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More on the dual n-back differences
cognitivefun | 10 years ago Reply Link me
More on the dual n-back differences
A user has written in about a different online dual n-back test at soakyourhead.com. Apparently this is explicitly modeled after the original paper's protocol. I have not seen what it looks like because my computer doesn't run SilverLight, but it struck me that a difference in how the stimuli are presented could influence the test performance. I apologize for this oversight.

In the test on this site, the visual stimuli are presented as pictures that differ in appearance. While the differentiating factor is the position of the white block within the gray block, it is presented as a whole.

It is possible that removing the background block, and presenting the position of the visual stimuli only would result in a different encoding method; in particular, perhaps it would become abstracted into a spatial location. This deserves a follow up test, as much as another multitude of variations.

Again, if anyone feels like pointing out that the dual n-back test on this site is different from that of the paper, they will be right, and I am well aware of this nor do I think it is a problem, and will not hesitate to discuss the matter, in public or private.
cognitivefun | 10 years ago Reply
I noticed that test informs (flashes red) on a bad choice, but keeps quiet when a choice is missed. The test on this site informs in both cases.

Which is more consistent with the "official" test, and more importantly, does it matter?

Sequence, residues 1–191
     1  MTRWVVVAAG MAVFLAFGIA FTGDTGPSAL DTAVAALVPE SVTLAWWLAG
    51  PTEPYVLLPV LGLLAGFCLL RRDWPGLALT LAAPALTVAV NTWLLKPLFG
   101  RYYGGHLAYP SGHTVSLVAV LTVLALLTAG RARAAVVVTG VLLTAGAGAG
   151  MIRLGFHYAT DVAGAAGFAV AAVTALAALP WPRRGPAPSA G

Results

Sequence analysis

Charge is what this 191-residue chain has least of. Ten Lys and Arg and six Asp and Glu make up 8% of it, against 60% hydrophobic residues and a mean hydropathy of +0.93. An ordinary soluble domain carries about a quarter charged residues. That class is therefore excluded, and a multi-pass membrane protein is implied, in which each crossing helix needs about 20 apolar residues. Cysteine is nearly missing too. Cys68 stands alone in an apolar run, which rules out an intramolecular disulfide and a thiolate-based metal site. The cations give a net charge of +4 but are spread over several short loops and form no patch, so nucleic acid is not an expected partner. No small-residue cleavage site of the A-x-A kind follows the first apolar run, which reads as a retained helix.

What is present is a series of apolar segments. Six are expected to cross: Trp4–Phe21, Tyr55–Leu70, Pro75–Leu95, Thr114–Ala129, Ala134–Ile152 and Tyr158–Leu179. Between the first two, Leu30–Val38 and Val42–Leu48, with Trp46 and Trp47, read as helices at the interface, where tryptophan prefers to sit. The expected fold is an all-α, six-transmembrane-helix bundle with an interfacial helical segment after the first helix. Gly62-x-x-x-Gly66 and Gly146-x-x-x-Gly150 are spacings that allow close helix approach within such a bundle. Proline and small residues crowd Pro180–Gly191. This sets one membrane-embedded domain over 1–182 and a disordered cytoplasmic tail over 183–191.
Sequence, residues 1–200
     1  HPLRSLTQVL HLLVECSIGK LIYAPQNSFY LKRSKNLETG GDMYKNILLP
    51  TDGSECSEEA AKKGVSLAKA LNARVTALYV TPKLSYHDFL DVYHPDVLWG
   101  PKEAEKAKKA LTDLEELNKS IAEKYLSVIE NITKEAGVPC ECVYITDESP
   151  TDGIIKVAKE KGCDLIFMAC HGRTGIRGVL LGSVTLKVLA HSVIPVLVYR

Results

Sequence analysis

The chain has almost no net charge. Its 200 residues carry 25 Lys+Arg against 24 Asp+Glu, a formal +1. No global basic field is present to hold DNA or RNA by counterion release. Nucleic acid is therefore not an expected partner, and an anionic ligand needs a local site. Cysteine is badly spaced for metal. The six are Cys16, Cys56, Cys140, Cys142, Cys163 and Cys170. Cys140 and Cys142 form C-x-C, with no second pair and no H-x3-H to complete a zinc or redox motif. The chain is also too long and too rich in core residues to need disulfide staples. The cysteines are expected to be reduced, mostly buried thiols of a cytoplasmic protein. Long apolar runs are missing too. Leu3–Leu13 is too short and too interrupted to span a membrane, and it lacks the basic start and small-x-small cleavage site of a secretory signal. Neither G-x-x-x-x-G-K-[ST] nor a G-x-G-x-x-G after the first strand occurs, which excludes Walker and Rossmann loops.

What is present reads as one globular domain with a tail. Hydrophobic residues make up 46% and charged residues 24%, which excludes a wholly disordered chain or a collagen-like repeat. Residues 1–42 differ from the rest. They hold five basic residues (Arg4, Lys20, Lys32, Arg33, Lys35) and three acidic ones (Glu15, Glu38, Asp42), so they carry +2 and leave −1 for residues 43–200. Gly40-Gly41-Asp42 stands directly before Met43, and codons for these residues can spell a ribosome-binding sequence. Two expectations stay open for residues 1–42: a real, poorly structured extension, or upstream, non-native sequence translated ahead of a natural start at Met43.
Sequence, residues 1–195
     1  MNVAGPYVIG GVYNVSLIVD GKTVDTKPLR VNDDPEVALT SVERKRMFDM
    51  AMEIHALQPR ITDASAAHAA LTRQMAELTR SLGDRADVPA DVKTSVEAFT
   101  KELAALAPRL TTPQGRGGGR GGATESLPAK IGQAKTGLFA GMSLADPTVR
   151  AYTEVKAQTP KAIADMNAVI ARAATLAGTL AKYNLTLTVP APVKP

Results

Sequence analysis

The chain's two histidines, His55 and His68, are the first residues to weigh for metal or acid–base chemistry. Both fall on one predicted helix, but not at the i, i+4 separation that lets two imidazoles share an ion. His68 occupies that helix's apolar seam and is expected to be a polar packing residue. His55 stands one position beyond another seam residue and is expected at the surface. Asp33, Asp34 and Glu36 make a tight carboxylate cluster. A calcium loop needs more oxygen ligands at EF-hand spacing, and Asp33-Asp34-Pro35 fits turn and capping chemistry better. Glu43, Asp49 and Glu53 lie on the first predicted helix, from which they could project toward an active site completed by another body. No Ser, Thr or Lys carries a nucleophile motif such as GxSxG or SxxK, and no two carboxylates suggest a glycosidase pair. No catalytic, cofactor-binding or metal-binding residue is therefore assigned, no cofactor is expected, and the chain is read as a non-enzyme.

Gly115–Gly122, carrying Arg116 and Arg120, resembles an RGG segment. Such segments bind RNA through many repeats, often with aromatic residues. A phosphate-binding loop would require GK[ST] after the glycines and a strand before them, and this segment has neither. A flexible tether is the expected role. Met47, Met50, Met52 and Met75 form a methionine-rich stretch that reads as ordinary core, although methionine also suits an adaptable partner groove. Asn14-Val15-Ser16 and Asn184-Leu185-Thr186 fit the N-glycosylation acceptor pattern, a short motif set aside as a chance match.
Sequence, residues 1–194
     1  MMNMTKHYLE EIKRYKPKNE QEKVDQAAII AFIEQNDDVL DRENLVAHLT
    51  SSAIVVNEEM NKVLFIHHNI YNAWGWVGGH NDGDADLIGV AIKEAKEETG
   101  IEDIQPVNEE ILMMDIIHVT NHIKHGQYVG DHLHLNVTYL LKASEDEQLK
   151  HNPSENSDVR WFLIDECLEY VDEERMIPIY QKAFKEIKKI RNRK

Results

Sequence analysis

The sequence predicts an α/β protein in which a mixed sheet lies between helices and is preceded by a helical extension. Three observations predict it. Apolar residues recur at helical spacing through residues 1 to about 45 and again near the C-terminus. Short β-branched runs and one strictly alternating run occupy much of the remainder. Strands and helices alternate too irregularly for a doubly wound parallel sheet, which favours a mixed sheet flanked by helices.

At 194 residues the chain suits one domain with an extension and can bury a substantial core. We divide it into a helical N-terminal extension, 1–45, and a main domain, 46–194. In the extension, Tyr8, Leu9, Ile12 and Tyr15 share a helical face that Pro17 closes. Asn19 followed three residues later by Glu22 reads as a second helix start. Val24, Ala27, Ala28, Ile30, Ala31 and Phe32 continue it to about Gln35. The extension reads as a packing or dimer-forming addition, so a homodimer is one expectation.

rectotron | 10 years ago Reply
I am not familiar with the SYH implementation. I also don't know to what extent feedback mechanisms were used in the "official" test, but from the paper, it seems sparse.

I would think feedback mechanisms do make a difference, so I would say yes to your question. As to what method is better, I can't say for sure, but this can be said safely: the feedback needs to be in close proximity with the stimulus and response (maybe around the order of 0.5 sec, which is close to the observed optimum time for stimulus-response behavioral training, but I don't know how similar it is for reinforcement or punishment feedback).

Tests here would provide feedback on positives, false negatives, and false positives. That true negatives do not have feedback is simply to reduce the number of visual items on screen. I actually don't know to what extent is learning promoted by this paradigm. This is a good topic!
cognitivefun | 10 years ago Reply

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